By Sara McCloskey
Whether it’s saying thanks or giving gifts to show someone we care, November and December tend to be busy times for many families.
For those who are the primary caregiver for a chronically ill or medically vulnerable loved one, the additional planning and festivities can be especially exhausting. Caregivers already manage doctor appointments, medications, and countless other needs of the person they support. Vacations add another element to consider.
“Finding yourself in a ‘giving’ role during a season of giving can be difficult,” said Kerri Anderson, a licensed clinical social worker at VCU Massey Comprehensive Cancer Center. “Don’t forget to fill your own cup!” Make sure you give back to yourself to avoid burning out too quickly.
Anderson is one of several social workers who lead caregiver support groups at VCU Health and Massey, providing peer support and educational resources to individuals providing support to loved ones with specific medical needs.
VCU Health News spoke with Anderson about the unique needs of caregivers and how families can ensure they are supported during the holiday season.
For friends and family who may not know, what stressors do caregivers deal with on a daily basis?
Often, friends, family members, or neighbors who do not serve as the primary caregiver recognize that the caregiver provides assistance with daily needs, including managing medications and attending medical appointments to accomplish independently all household chores. However, there are many aspects beneath the surface that we often don’t recognize.
Caregivers play an important role in managing the emotions of their loved ones, family emotions and their own feelings. Caregivers are often the primary person who provides updates and history to medical providers and support systems, manages visitors and social activities, and constantly interprets their loved one’s verbal and nonverbal cues. Not to mention, many caregivers have a personal relationship with their loved one that deteriorates when they become ill, impacting their natural support system.
How can vacations change these stressors?
The winter holidays are often times for joyful gatherings with friends and family, but sometimes caregivers find little time to enjoy the much-loved traditions that make up much of the season. The caregivers I spoke with remember a holiday season when they were not caregivers and felt this ever-present lack of time. They may also feel frustrated when their loved one is unable to participate in the activities they enjoy or when their friends and family don’t realize how difficult participation will be for them.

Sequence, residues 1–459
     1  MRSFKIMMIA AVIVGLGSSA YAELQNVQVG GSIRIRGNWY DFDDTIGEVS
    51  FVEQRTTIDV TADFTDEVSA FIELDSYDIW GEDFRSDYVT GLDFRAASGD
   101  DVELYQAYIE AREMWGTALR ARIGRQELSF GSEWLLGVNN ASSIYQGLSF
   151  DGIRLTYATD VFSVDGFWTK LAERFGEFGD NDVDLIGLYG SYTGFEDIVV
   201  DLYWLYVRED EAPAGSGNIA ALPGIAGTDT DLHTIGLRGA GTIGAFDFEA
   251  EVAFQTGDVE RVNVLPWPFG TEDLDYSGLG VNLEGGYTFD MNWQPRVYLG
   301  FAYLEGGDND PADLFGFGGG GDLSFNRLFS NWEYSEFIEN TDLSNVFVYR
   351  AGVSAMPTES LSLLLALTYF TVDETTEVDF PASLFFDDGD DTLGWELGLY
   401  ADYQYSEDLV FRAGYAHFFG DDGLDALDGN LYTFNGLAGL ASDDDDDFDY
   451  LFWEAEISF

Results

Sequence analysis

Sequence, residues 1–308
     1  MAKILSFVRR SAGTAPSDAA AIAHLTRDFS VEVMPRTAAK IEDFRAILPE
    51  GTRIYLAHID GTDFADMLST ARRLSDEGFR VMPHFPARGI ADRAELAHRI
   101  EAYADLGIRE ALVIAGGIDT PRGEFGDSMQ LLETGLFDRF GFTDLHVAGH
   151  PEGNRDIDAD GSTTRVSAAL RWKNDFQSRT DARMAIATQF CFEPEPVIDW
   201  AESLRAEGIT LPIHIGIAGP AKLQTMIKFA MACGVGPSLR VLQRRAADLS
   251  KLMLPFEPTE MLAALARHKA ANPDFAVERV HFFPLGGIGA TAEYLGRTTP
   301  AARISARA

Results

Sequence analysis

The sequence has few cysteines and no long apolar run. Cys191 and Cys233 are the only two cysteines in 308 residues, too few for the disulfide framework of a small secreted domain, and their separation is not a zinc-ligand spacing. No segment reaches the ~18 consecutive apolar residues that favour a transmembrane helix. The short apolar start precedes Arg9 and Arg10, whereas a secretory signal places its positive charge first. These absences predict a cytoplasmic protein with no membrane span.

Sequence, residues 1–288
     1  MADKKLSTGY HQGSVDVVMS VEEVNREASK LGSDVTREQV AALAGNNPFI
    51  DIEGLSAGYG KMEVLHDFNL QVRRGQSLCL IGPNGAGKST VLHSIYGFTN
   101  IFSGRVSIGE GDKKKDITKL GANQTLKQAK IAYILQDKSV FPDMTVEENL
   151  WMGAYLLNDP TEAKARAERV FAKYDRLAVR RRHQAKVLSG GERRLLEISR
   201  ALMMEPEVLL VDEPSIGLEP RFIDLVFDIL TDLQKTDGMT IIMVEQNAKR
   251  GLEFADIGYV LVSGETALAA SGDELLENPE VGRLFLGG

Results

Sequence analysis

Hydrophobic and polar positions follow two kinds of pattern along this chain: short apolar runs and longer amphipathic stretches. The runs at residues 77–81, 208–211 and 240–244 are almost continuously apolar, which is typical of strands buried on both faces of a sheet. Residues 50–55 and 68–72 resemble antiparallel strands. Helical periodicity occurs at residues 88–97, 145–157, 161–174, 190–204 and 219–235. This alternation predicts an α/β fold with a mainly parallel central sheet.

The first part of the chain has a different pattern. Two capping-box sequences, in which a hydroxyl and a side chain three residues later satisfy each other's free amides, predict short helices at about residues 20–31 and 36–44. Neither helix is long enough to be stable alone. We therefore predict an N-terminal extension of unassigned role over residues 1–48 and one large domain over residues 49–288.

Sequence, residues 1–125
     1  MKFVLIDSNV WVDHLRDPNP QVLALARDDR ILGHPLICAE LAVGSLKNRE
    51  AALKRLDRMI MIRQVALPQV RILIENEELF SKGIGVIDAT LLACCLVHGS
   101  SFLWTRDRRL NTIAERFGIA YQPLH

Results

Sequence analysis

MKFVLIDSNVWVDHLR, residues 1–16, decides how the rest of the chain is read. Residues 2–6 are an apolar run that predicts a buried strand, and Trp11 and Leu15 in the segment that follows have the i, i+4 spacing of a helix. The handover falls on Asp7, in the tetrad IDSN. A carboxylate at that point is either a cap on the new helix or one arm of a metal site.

What can individuals do to better support a caregiver amid all the hustle and bustle of the holidays?
Do not avoid calling on a caregiver for fear of overloading them. Help your loved one discover how celebrating the holidays can be different this year while creating meaningful memories.
Instead of walking around the neighborhood to admire the holiday lights like we always do, consider a drive instead. Isn’t it possible to have friends over to make decorations this holiday? Consider sending a craft package with supplies in the mail. But remember that not all caregivers feel the holiday spirit as strongly as they usually do — and that’s okay too.
How can caregivers cope and reduce stress during the holiday season?
I recommend caregivers set their expectations from the beginning. Rather than avoiding any conversation about vacation activities or travel plans, be proactive and let your loved ones know how much you think you can give this winter. Don’t expect to be able to juggle everything you usually do. Think about what is most important to you to spend your time on this holiday season, then think of creative ways to make that happen.
Also be aware of your emotional warning signs, such as fatigue, agitation, or fluctuating emotions. As soon as you see a red flag pop up, find time to refocus on an accessible (perhaps festive) activity. And of course, don’t forget to appreciate the little moments of joy found along the way.
Another tip I love: ask for help on your wish list. Rather than receiving 10 pairs of fuzzy socks and several bottles of wine, ask for help around the house, whether it’s repairs or respite. Don’t be afraid to ask for anything that helps you succeed.
What resources are available to caregivers through VCU Health?
VCU Health has two caregiver support groups, one for caregivers of adults and another for caregivers of children. Connecting with other caregivers is a great option to remind yourself that you are not alone. Many experienced caregivers have plenty of advice to share with you to help you through a difficult holiday season.